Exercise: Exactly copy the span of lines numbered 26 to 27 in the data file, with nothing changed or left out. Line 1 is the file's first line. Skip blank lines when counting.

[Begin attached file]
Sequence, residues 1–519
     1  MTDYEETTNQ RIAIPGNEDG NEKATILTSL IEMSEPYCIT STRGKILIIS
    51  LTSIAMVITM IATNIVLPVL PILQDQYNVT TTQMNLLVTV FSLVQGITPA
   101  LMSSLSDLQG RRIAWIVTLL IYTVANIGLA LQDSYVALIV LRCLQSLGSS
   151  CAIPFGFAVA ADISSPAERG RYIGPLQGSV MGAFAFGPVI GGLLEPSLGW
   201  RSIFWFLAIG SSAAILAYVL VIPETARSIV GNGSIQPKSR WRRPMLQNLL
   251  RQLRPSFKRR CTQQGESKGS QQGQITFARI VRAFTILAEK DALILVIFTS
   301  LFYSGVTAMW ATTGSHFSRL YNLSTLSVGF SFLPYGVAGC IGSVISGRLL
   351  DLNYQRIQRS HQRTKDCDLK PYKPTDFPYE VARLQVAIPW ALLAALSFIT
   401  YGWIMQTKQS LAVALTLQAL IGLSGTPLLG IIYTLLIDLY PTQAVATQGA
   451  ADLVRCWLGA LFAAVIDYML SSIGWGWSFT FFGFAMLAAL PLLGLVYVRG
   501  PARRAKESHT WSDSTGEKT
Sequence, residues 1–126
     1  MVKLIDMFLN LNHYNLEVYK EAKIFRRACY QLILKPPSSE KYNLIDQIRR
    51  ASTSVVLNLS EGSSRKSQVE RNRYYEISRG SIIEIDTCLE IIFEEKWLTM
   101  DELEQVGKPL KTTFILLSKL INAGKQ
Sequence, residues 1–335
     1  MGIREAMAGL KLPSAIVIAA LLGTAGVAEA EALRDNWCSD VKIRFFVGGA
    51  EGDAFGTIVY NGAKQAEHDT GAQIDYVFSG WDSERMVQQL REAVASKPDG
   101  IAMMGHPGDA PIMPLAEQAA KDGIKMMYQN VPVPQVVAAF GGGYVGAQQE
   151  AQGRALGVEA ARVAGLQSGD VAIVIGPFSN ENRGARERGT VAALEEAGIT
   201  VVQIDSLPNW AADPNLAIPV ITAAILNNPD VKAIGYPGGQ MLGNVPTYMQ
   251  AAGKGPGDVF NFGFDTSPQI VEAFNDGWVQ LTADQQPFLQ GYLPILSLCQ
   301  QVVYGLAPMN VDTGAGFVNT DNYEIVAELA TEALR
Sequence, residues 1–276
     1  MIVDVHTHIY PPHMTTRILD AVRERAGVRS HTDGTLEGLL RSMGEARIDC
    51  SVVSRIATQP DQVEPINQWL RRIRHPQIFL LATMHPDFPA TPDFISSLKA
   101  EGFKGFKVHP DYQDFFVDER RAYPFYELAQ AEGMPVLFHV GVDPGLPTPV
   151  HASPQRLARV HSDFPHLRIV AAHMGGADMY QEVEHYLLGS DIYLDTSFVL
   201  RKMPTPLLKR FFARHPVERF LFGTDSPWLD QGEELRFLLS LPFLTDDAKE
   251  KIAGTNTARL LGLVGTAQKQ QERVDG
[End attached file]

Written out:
     1  MIVDVHTHIY PPHMTTRILD AVRERAGVRS HTDGTLEGLL RSMGEARIDC
    51  SVVSRIATQP DQVEPINQWL RRIRHPQIFL LATMHPDFPA TPDFISSLKA